The year 2017 is the 500th anniversary of the publication of Martin Luther’s 95 theses in Wittenberg, Germany, which eventually gave rise to what has become known as the Protestant Reformation. It will be the first centenary commemoration that takes place in an ecumenical age. What’s important to know is that a year of events in approach to the anniversary itself will open on Oct. 31, 2016, and culminate on Oct. 31, 2017.
On Oct. 31, 2016, 95 Volkswagen buses will gather in front of Berlin Cathedral, and then head for 95 Reformation cities throughout Germany and Europe, collecting one thesis from each of them. By the end, if all goes well, there should be 95 theses from 95 cities across Germany and Europe, which together will add up to the 95 theses for today. The various places will reveal their own quite specific approach to the Reformation.
In addition there will be an exhibition showground in Wittenberg for 95 days in the summer of 2017, along with concerts, film festivals, youth camps and large worship services in various countries. The Lutheran World Federation (LWF) and the Roman Catholic Church will jointly hold an ecumenical commemoration of the Reformation on Oct. 31, 2016, in Lund, Sweden.
The 2017 commemoration will also mark 50 years of Lutheran-Roman Catholic Dialogue in which representatives of both churches have looked afresh at their own theological traditions and practices, recognizing the influences they have had on each other. Past commemorations have been by and large oppositional, intensifying the conflict between the churches and even leading at times to open hostility. This will be the first commemoration marked by a real desire to come together for its observance.
In our time, the international Lutheran-Roman Catholic Commission on Unity has produced its latest report, titled: “From Conflict to Communion: Lutheran-Catholic Common Commemoration of the Reformation in 2017.” The international Lutheran-Catholic dialogue has gone on continuously since 1967 and has been one of the most detailed and fruitful of all the bilateral ecumenical dialogues. The intertwining of these two anniversaries — that of the Reformation and that of the dialogue commission’s healing work — appropriately inclines us to a joint commemoration of them which is both joyful and yet also penitential, on account of the past sins and deficiencies within both communions.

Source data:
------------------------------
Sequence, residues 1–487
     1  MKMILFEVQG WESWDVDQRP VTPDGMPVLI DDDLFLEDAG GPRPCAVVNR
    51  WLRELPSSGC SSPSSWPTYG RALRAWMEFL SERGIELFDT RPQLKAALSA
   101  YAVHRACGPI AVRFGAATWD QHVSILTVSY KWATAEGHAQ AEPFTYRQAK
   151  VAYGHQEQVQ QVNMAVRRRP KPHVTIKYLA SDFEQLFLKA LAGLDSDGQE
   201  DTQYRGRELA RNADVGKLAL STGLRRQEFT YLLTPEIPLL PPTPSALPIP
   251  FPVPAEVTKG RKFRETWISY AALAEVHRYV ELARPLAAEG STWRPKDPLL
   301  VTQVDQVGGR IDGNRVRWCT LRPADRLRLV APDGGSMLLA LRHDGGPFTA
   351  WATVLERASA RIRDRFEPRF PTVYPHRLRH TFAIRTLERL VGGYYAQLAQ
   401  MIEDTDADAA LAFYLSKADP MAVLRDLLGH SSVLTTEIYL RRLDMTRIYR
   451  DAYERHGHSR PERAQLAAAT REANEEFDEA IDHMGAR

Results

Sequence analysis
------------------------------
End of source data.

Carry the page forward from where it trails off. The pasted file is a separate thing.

What is there to commemorate about the Reformation, Catholics may ask? The answer given by the commission is the genuineness of Luther’s spiritual search and its very positive results in re-emphasizing the centrality of God’s free grace in the life of the church and each Christian. The report spells this out in a chapter entitled, “New Perspectives on Martin Luther and the Reformation.” It shows how Roman Catholic scholars have come to a very different evaluation of Luther from the traditionally negative one of the Counter-Reformation and the Roman Catholic Church in general up to the time of Vatican II.
It is now recognized that the Augsburg Confession of 1530, still the standard Lutheran confession of faith, stated the doctrine of justification within the context of the faith of the traditional creeds and that it called for a real reform of the church and a new zeal in Christian spirituality rather than a complete break with the past. The third chapter of the commission’s report stresses that Luther insisted that his original theses were intended not as assertions, but precisely for academic discussion.
In the mid-16th century, the context was one of hardening mutual alienation. At the end of the 20th century, by contrast, it was one of increasing mutual rapprochement, powerfully aided by an ecumenically committed pope and a Lutheran commitment to wide-ranging ecumenical dialogue, the latter in particular showing important advances not only with the Roman Catholic Church but also with Anglicans, Reformed and Methodists.
Catholic Suffragan Bishop Jaschke of Hamburg has declared that today Luther’s 95 theses would also be accepted from the Roman Catholic side and said that he shares Luther’s criticism of the trade in indulgences at that time. And in Augsburg in 1999 the Roman Catholic Church and The Lutheran World Federation signed the Joint Declaration on the Doctrine of Justification, which was affirmed by the World Methodist Council in 2006. The declaration nullified centuries’ old disputes between Catholics and Protestants over the basic truths of the doctrine of justification, which was at the centre of the 16th century Reformation.
These events set a new context for the upcoming commemoration of the Reformation. Given that the kick-off of events leading up to the 500th anniversary will begin on Oct. 31, 2016 , and culminate on Oct. 31, 2017, it’s now time to begin the planning of jointly sponsored events.
Ryan directs the Paulist North American Office for Ecumenical and Interfaith Relations in Washington, D.C. (www.tomryancsp.org)